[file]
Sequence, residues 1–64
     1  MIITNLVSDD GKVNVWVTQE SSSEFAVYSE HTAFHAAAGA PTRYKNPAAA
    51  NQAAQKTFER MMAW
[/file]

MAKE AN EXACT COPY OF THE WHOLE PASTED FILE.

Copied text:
Sequence, residues 1–64
     1  MIITNLVSDD GKVNVWVTQE SSSEFAVYSE HTAFHAAAGA PTRYKNPAAA
    51  NQAAQKTFER MMAW